Adjusting the Meal Plan (May 2012)

Adjusting the Meal Plan

Our meal plans are developed based on the American Diabetes Association’s general nutrition guidelines. However, nutritional needs can vary from person to person. Your healthcare team can help you set up a meal plan that works for you and will help you meet your health goals. Our One Day Meal Plan may not exactly fit your individual needs, so we’ve provided some ideas for how to adjust carbohydrates and calories below.

For Less Carbohydrate…

Your healthcare provider may ask you to limit carbohydrates more than our meal plan suggests. This means you should cut back on the carbohydrate foods that you eat throughout the day. To keep your calorie intake about the same, substitute sources of lean protein or healthy fats in their place. Here’s an example:

To lower carbohydrate intake for the day and keep calories about the same (make it closer to 40% of calories), make the following adjustments to our original meal plan:

  • At breakfast, have your eggs without the tortillas and increase the amount of egg substitute you use to 1 cup.
  • At lunch, add another ounce of chicken to your salad and decrease the amount of beans from 3/4 cup to 1/3 cup.
  • At dinner, omit the corn on the cob. Top your Vegetable Paella with 4 ounces of shrimp that has been boiled and add a side of avocado to your dinner (about 1/4 cup).

To Adjust Calories…

Depending on whether you are trying to lose, gain, or maintain your weight, you may have different calorie needs as well. Here are some ideas for adjusting our One Day Meal Plan. It may be easier than you think!

To cut around 200 calories:

  • Omit the queso fresco in your breakfast wrap. (This saves about 85 calories)
  • Add just 2 ounces of chicken to your salad at lunch instead of 3 ounces. (This saves about 40 calories.)
  • Omit the trans-free margarine at dinner and use just a squeeze of fresh lime juice and freshly ground pepper to season your corn. (This saves about 75 calories)

To add around 200 calories:

  • Add a mid-morning snack to your meal plan that consists of 4 ounces of light non-fat yogurt and 1 cup of papaya. (This adds about 120 calories.)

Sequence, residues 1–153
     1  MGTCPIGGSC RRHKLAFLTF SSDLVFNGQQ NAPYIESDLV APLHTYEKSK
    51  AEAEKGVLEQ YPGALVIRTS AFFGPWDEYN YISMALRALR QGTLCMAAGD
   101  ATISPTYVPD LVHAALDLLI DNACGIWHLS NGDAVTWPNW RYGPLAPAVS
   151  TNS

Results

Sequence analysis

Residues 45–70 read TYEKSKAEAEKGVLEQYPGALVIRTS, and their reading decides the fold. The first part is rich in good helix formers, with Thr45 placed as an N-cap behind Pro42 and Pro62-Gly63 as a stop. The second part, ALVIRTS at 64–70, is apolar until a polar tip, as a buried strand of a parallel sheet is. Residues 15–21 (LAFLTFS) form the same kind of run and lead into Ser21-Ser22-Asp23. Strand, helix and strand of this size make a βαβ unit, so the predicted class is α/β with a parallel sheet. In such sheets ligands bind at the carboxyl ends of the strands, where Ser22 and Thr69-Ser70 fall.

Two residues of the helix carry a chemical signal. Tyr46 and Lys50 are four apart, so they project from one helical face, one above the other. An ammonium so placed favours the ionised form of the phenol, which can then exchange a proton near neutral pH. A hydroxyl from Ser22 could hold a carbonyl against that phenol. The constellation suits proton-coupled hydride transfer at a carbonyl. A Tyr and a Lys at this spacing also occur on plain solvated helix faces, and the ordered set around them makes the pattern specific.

• Add an extra ounce of chicken to your salad at lunch. (This adds about 40 calories.)
  • Have a whole cob of corn (medium-sized) at dinner instead of just half. (This adds about 40 calories.)

How Many Calories?

Calculate the number of calories you should eat each day to maintain your present body weight:

Please select an option before you continue.
Calculate My Calories

I don't do any physical activity other than what I need to do for my usual activities, such as going to work or school, grocery shopping, or doing chores around the house.

I do some moderate exercise every day in addition to doing my usual activities. For example, I walk about 1.5 to 3 miles a day at about 3 to 4 miles an hour. Or I do something else that's moderately active.

I am very active every day in addition to doing my usual activities. For example, I walk more than 3 miles a day at about 3 to 4 miles an hour. Or I do something else that's very active.

How Many Calories?

This number estimates how many calories you should eat per day to keep your body weight where it is now.

If you want to lose weight, you may need fewer calories. You should talk with your health care team for more personalized recommendations, but this calculator can help to get you started.

Calculate My Calories

*Estimates are rounded to the nearest 200 calories. An individual's calorie needs may be higher or lower than these average estimates. Developed from the 2010 US Dietary Guidelines for Americans.

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Learn about the nutrition guidelines we follow to create our one-day meal plans.

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